Does Physicalism Leave an Explanatory Gap?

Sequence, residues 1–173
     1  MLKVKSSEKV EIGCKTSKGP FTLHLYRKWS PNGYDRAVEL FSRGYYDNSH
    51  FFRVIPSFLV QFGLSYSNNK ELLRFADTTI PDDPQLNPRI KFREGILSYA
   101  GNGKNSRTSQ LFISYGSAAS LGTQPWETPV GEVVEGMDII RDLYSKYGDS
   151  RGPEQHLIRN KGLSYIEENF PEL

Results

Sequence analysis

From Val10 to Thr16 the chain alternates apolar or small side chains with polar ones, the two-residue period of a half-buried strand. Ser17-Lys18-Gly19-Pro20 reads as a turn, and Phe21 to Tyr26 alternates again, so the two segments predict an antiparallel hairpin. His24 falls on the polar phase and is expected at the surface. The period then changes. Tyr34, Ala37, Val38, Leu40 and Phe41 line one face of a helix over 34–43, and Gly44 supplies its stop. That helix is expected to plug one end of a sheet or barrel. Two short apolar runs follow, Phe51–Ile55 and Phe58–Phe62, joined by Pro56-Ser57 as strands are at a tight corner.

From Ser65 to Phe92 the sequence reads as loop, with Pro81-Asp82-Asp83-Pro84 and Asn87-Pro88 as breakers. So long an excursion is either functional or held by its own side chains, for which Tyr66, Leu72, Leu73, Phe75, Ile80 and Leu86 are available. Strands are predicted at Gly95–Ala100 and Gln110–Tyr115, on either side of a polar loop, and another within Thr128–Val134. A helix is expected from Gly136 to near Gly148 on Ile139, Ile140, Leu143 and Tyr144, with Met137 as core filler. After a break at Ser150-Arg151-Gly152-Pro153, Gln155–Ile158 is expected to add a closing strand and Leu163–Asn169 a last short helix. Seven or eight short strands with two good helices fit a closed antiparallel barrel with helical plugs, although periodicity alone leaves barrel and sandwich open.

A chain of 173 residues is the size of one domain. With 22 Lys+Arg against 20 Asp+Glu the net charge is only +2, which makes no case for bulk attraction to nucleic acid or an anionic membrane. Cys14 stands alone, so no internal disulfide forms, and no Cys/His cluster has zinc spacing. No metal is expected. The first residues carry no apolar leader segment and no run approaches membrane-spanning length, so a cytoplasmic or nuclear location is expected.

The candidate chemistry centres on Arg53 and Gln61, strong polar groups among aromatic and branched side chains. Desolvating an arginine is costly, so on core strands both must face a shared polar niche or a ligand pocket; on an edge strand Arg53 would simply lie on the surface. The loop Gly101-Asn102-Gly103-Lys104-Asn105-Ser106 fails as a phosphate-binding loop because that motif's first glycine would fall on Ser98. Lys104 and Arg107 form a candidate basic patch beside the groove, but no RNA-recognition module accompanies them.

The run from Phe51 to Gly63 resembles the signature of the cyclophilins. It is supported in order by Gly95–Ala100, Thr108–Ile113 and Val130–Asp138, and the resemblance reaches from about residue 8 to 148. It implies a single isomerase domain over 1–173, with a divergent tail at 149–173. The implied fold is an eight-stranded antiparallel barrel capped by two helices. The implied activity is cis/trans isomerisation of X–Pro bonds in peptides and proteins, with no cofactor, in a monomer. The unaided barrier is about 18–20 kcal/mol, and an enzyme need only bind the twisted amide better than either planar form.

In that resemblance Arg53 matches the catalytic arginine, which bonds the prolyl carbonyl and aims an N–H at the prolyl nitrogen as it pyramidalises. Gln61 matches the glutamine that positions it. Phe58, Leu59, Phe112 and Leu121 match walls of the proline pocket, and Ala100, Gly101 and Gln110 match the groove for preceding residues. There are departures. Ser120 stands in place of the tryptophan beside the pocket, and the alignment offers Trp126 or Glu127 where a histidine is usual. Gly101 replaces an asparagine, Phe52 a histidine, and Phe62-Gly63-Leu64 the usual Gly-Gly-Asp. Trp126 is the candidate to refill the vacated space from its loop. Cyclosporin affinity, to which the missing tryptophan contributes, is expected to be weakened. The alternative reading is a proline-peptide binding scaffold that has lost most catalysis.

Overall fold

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When thinking about certain correlations between our physical body and the mind, for instance c fibres firing and pain, one might come to the conclusion that despite having thorough scientific knowledge about the concept of pain it still not a satisfactory account of how a physical act of c fibres firing gives rise to the conscious sensation of pain. Some philosophers like Levine agree that psycho-physical identity statements leave an inevitable explanatory gap; others like McGinn argue that this gap is potentially closable. Some like Papineau dismiss the problem completely and claim that there is no such thing as an explanatory gap, and all argument around it is purely “slipping back into dualist thinking”(Papineau, 1998) When we consider psycho-physical identity statements about the mind and body, theoretically they should be analogous to type-identity statements in the external world. For instance when we discover that water is H2O, when presented with evidence, we do not feel inclined to ask why this is the case. However even after ample scientific evidence that pain is in fact c-fibres firing, we would still tend to raise questions as to why pain feels this certain way and not any other way. This impression that despite sufficient physical knowledge the relation is still unexplained is precisely what Levine points out in “Materialism and qualia: the explanatory gap”. However let us consider what c-fibres firing does in fact explain about pain. Functionalist would argue that the “qualia” of pain have a specific role in our interaction with the environment. For instance stimulation of nerve endings makes c-fibres fire which induces the feeling of pain in order to avoid injury. However emphasis should be made on the difference between why the function exists and how the function works. Certainly the functionalist’s account clarifies the causal role of pain, nonetheless the qualitative aspect of how pain feels remains unexplained. So perhaps with qualia part of...
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